Who Will Rule Myanmar?

The Elections are Over, But the Battle Has Just Begun

Supporters of Myanmar's pro-democracy figurehead Aung San Suu Kyi gather outside National League for Democracy headquarters (NLD) in Yangon, Myanmar, November 9, 2015. Jorge Silva / Reuters

For most of Myanmar’s 51 million people, the nationwide legislative election on November 8 was their first opportunity to cast a vote in a competitive election. Less than five years after the country’s military junta handed over power to a semi-civilian administration that rapidly undertook many reforms, nearly all of the 498 elected seats in the national assembly were vigorously contested.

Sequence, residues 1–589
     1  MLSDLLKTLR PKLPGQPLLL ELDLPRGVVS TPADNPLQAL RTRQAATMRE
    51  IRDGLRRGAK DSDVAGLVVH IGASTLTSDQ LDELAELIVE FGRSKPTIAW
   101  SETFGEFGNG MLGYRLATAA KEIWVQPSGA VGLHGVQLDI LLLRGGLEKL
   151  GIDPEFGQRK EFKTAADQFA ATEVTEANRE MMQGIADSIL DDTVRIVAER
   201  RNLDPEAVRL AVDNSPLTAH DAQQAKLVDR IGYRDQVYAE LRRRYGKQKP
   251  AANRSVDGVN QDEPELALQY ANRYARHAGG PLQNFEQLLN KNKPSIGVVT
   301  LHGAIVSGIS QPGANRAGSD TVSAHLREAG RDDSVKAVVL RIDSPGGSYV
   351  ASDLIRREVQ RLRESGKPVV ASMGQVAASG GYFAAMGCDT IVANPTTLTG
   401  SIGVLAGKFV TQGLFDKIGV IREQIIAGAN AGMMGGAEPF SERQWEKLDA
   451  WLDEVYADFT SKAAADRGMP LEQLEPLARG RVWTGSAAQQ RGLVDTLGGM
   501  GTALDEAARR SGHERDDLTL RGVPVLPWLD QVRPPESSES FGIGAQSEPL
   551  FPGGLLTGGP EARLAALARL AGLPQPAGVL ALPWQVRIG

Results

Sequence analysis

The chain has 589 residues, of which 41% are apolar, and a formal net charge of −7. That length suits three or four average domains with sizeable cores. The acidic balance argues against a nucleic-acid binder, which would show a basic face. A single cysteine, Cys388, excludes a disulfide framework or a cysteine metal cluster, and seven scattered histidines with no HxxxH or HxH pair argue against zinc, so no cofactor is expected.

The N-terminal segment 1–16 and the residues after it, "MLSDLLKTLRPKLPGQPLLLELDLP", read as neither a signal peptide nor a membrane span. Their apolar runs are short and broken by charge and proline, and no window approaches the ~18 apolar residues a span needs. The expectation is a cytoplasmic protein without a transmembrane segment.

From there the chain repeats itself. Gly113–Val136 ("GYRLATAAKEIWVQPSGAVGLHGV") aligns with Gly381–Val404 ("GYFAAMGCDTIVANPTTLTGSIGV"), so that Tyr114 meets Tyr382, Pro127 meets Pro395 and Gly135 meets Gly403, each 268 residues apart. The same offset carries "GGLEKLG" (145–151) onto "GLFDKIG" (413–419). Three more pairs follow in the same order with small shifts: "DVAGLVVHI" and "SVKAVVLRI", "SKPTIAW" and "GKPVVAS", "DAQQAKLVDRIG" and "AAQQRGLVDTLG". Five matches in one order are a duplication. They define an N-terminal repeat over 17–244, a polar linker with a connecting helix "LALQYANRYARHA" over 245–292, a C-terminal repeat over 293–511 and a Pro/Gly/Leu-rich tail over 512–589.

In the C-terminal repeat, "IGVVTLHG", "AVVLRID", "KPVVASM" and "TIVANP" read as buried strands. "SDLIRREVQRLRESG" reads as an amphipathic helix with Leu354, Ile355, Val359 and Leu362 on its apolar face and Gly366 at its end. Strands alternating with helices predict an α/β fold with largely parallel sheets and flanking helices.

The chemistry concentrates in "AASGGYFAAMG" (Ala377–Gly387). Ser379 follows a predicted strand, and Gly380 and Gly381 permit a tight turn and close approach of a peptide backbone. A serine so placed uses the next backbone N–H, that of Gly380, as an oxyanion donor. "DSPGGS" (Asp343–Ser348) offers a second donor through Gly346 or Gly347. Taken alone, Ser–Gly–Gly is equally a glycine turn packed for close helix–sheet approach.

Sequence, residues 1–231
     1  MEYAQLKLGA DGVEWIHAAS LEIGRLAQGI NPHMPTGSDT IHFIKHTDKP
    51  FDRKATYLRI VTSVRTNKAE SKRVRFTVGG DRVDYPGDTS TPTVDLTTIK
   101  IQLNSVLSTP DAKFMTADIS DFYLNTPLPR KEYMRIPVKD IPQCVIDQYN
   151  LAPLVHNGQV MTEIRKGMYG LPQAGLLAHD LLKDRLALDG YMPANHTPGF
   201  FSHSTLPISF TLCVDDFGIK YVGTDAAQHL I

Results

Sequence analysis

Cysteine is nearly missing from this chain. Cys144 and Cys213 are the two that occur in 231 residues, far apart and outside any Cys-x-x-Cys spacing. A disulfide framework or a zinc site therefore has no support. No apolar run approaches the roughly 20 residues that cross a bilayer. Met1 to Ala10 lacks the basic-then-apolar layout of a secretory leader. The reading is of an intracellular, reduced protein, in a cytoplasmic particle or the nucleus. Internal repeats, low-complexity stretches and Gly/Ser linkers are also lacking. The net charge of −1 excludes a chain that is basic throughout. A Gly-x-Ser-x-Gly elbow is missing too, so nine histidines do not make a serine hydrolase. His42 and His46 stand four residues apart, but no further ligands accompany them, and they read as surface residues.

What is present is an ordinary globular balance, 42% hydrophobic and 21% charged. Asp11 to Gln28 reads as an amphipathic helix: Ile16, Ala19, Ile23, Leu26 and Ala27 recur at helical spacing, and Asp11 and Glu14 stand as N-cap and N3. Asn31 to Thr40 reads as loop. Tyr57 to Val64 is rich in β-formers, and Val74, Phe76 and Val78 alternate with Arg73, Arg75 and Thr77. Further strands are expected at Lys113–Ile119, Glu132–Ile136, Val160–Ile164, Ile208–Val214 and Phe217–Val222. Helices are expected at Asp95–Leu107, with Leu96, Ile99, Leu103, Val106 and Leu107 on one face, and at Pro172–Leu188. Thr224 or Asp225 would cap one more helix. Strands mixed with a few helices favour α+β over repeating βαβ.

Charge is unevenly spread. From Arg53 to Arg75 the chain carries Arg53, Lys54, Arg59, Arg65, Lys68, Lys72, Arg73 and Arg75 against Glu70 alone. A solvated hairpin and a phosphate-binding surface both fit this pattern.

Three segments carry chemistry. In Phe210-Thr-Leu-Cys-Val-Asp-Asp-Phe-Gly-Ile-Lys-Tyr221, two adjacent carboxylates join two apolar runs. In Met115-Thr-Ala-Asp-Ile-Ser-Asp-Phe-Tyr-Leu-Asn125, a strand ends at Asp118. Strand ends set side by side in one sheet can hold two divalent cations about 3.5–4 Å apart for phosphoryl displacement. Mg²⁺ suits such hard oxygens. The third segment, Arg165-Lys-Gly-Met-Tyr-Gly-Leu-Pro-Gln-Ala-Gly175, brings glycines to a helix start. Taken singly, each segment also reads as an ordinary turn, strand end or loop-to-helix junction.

The election was not without flaws, particularly in its disenfranchisement of hundreds of thousands of ethnic Rohingya in the country’s western reaches, but it did offer those with a vote a real choice among the military-backed Union Solidarity and Development Party (USDP), led by incumbent President Thein Sein; the opposition National League for Democracy (NLD), led by Nobel Laureate Aung San Suu Kyi; and 88 other parties, many of them representing various minority ethnic groups. Most official results have not yet been released, but observers’ tallies at polling places around

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